First, a reminder yet again that Doctor Who starts half an hour earlier tonight on the Sci Fi Channel. I don't want to hear the wailing, gnashing of teeth and rending of garments when people tune in at the normal time and miss the beginning because You Were Warned. I've seen the episode already, but this is the last Doctor Who night on Sci Fi for a very long time, so I'll probably watch what I taped from last week (which I'd also already seen, but I taped anyway while I was out of town and haven't watched yet) before this episode. I don't know what I'll do for dinner to round out the Doctor Who party, but since there's now a Taco Cabana in my general vicinity that won't be too far out of my way for the errands I need to run this afternoon, I may pick up some fajita tacos.
The rest of this post will be very random.
My WorldCon schedule:
On Thursday at 1 p.m. I'll be moderating "What Makes SF Work? Characters, Society, or Technology," with panelists J. Alan Erwine, Ken Scholes and Larry Niven.
Then at 5:30 on Thursday I'll be moderating "Re-Telling Old Stories: The New Fairy Tales," with panelists Adam Stemple, Lisa Spangenberg and Valerie Frankel.
On Friday at 4 p.m. I'm on the "Firefly: What Would the Second Season Have Been Like?" panel with Craig Miller, Dani Kollin and Rebecca Moesta.
I have an autographing at 10 a.m. Saturday.
As always, check the program guide and other announcements for updates and changes. I'll also be helping out at the SFWA table in the dealers' room on Wednesday from 3ish to 4ish and on Saturday from 11 to noon, so if you don't make the signing and want to chat or get something signed, I'm sure they can spare me for a second or two to scribble my name.
In the interest of maintaining the illusion of at least a modicum of cool, I will not post my planned stalking schedule. That takes the "chance" out of the idea of "chance encounters." You can't exactly say, "Oh, wow, we keep running into each other" or "fancy meeting you here" when you've announced plans to stalk that person. (Though, actually, I've already met most of the people who would be on my stalking list. I can now even talk to Connie Willis without shaking violently.)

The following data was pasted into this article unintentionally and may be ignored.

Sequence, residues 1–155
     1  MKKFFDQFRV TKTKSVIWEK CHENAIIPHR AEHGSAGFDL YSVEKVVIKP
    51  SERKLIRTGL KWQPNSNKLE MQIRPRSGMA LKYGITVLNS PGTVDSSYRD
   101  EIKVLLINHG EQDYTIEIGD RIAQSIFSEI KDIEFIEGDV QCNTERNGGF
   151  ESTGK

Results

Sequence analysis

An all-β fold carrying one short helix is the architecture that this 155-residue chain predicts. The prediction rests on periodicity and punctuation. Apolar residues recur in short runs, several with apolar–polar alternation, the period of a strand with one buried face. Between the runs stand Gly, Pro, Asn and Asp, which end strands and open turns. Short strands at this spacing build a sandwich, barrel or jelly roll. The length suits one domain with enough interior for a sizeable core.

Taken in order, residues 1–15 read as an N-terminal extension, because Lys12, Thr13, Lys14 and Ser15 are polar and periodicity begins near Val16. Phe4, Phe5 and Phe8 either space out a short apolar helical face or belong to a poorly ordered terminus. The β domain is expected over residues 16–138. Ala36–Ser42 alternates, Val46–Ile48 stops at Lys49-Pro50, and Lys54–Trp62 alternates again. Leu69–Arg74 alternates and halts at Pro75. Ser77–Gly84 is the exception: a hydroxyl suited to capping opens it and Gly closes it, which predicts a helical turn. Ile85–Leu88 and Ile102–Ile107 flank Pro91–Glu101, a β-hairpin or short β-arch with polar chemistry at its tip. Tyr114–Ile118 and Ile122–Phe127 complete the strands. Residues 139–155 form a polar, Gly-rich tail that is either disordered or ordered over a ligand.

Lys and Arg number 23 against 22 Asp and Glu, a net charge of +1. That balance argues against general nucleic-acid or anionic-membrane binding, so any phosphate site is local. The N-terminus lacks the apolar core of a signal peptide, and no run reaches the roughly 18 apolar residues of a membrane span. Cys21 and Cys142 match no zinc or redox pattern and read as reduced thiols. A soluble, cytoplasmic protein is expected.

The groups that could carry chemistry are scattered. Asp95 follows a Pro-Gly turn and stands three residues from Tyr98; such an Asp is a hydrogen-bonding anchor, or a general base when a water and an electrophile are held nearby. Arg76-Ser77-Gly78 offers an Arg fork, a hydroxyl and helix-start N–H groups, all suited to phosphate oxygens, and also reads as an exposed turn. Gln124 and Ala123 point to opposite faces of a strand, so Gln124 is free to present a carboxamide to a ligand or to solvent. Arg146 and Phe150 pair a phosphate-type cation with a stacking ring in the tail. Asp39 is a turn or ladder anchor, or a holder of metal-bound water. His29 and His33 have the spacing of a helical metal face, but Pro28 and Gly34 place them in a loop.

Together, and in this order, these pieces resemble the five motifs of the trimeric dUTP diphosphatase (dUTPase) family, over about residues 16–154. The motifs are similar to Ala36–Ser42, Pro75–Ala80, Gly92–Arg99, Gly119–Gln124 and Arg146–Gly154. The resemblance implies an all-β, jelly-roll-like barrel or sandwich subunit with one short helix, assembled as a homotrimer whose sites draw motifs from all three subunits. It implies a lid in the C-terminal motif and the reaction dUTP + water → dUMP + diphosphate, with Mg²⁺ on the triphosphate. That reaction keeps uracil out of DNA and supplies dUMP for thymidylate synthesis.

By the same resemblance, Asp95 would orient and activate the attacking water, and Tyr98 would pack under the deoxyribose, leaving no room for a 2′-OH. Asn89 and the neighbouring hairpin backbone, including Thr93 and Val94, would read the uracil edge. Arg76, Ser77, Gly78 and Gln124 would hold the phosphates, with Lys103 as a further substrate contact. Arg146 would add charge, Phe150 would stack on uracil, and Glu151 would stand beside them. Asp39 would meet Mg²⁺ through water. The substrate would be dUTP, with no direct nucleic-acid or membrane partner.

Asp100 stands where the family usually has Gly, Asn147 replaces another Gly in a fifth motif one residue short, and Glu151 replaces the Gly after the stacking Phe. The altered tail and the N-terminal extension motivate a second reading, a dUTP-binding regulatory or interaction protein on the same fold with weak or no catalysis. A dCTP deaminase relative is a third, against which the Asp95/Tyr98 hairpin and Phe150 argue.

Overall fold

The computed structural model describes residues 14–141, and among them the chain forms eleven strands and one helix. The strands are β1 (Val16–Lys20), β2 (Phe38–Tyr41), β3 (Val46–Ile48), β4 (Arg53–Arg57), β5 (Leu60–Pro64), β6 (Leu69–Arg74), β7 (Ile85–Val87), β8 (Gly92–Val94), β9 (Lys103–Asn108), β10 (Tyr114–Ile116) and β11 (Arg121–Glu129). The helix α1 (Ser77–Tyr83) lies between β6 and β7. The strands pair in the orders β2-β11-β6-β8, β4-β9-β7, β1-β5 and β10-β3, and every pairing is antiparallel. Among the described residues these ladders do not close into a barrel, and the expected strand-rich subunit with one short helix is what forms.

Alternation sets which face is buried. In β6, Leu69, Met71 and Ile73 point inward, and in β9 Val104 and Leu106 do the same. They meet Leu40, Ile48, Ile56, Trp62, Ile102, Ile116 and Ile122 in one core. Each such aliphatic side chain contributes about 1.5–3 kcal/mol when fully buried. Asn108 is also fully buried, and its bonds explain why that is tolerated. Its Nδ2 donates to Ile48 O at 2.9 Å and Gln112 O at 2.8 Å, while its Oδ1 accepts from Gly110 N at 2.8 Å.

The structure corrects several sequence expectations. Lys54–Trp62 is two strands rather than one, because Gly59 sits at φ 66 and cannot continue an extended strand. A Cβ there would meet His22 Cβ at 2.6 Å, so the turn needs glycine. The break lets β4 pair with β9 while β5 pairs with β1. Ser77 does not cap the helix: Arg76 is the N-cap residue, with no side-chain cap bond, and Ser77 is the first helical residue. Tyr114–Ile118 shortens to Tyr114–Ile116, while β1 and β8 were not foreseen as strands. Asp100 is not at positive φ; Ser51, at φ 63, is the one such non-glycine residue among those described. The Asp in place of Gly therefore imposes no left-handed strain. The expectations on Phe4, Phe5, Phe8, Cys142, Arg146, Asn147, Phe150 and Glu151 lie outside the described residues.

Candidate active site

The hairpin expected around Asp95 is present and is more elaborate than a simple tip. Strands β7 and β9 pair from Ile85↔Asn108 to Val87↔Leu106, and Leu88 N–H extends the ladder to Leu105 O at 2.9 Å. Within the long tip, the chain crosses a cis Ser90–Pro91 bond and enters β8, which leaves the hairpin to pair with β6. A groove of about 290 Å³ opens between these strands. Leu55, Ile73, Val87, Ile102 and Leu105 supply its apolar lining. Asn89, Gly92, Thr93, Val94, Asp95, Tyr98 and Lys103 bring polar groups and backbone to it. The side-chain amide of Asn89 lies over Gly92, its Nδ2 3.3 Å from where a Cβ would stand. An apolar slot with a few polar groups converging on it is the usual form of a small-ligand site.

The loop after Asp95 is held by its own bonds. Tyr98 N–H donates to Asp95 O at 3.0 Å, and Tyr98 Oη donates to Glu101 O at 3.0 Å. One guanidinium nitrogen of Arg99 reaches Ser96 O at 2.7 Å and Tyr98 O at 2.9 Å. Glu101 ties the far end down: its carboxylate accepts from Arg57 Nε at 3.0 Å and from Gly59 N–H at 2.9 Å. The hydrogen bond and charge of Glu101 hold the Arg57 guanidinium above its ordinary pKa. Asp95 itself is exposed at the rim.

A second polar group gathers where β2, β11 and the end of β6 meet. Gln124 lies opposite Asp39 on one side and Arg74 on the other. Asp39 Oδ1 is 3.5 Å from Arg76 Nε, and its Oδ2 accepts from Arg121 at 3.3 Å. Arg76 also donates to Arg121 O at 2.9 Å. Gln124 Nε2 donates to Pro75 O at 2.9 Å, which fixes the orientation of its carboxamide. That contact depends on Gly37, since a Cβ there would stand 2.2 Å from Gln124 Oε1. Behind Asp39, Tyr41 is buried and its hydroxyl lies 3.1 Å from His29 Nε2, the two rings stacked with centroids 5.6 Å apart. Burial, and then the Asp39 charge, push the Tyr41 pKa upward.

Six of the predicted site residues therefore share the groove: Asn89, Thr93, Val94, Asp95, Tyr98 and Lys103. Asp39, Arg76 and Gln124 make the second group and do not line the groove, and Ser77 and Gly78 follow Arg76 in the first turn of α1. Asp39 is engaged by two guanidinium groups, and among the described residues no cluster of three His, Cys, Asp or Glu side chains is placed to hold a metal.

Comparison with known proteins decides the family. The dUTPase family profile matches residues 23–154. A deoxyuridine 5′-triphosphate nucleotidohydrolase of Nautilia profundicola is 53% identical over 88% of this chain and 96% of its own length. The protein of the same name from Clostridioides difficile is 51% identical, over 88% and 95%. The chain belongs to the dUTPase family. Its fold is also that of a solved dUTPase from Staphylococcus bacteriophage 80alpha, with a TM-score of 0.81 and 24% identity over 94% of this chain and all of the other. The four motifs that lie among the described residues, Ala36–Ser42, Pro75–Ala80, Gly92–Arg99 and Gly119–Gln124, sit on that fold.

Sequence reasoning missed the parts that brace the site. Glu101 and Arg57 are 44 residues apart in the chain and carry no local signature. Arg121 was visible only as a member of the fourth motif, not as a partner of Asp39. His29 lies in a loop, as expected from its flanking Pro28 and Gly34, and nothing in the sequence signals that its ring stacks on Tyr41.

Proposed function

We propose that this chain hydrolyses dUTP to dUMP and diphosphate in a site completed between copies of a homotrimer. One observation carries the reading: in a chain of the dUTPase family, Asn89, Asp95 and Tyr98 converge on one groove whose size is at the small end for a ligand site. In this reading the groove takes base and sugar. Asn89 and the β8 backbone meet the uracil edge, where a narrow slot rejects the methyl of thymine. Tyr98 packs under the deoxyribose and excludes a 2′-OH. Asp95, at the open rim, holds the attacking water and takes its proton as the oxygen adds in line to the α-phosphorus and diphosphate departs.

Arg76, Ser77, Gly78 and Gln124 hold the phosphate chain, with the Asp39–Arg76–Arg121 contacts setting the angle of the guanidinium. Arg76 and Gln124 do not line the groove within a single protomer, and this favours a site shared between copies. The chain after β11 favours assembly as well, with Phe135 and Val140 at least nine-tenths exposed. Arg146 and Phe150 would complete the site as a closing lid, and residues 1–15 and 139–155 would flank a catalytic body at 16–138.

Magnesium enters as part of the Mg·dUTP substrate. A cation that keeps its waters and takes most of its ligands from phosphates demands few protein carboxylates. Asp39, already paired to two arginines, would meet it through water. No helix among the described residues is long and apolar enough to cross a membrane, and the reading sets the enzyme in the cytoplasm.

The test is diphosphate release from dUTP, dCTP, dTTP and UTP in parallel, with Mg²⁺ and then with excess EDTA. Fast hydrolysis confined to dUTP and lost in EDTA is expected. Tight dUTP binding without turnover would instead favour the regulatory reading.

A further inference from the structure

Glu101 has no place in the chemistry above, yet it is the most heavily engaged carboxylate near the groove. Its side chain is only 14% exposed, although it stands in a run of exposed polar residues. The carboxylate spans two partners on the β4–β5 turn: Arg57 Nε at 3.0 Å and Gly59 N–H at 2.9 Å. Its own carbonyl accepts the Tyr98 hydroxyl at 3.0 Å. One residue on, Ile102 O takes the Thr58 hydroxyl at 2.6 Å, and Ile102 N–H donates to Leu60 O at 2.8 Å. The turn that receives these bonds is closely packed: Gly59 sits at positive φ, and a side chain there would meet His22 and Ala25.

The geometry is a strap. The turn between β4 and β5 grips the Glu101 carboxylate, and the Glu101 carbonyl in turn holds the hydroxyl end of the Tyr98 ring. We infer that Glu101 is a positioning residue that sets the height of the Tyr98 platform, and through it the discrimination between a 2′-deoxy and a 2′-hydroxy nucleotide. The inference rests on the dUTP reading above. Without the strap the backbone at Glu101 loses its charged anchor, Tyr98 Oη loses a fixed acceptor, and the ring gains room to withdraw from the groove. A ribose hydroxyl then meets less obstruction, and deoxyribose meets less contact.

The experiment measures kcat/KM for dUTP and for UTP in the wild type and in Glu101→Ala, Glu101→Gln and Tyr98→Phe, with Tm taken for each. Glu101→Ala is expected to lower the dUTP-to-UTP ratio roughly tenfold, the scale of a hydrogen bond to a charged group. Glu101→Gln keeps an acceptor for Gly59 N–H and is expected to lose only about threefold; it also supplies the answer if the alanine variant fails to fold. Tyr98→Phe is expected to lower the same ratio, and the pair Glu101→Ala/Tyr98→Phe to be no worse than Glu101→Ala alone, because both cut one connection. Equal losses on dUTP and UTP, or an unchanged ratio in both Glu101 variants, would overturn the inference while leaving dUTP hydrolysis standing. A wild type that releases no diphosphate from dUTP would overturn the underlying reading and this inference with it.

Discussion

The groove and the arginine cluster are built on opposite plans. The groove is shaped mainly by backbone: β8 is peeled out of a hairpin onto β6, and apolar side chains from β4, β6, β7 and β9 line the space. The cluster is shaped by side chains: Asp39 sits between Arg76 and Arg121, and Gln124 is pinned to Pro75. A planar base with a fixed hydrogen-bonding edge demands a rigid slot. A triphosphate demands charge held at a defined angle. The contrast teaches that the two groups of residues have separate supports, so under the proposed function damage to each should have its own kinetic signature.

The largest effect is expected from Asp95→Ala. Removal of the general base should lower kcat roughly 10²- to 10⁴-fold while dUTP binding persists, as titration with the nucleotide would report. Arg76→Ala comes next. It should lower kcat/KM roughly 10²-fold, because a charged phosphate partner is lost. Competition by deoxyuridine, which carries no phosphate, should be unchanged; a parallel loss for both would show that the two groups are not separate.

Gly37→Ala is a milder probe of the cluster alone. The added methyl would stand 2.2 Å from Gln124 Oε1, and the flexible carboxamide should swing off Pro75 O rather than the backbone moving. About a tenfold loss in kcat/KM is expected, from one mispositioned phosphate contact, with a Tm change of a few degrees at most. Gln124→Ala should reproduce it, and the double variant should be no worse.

Finally, I was asked in a comment for some examples of cool techniques from that Writing For Emotional Impact book I mentioned yesterday. It's hard to choose just one or two because they sort of build on each other and weave together, but here are a couple of concepts I liked:
You can maintain reader curiosity by layering your story with questions. People keep reading to find the answers, and then as you give the answer to one question, you should raise another question, so it leads the reader from scene to scene. There should be an overall story question, but each scene also needs its own question, and even each beat within a scene should raise a question. It's like a trail of breadcrumbs through the story.
Then there's the art of subtext. In general, except for very few situations, characters shouldn't just say exactly what they think, and the higher the stakes are for the character, the more they have to lose from saying what they think, the less likely they are to be direct in what they say. So you have to convey the truth in a different way, usually through the character's actions. When what a character says and what he does conflict, we instinctively believe the actions over the words, and having the words and the actions clash heightens the emotions in the scene and creates a sense of conflict and interest. The example the author uses is the end of When Harry Met Sally, where Harry tells Sally all the reasons he loves her, and she looks at him with tears in her eyes and tells him how much she hates him, before she kisses him. We know that she actually does love him because of her body language in the way she tells him she hates him and because she kisses him, but we also know that her saying she hates him means she's actually afraid of her feelings and overwhelmed. If she'd just said, "I love you, too," the scene would have been flat.
Or, to bring this post full-circle, an example of this I like is from Doctor Who, where it's a recurring thing for the Doctor to always insist he's alright, no matter what he's just been through. He may look utterly shattered. He may be shaking and have tears in his eyes, but he'll insist he's always alright if someone asks him how he's doing. Then in a recent episode, Donna, who looked equally shattered, said she was alright, too, when he, as usual, claimed he was alright, as she took his hand and gave it a squeeze. Again, that contrast between what the characters say and what's really going on makes those scenes more meaningful than if they just said they were feeling emotionally battered. Donna's repeating his usual claim also showed that she saw through his facade, and it allowed a nice bonding moment.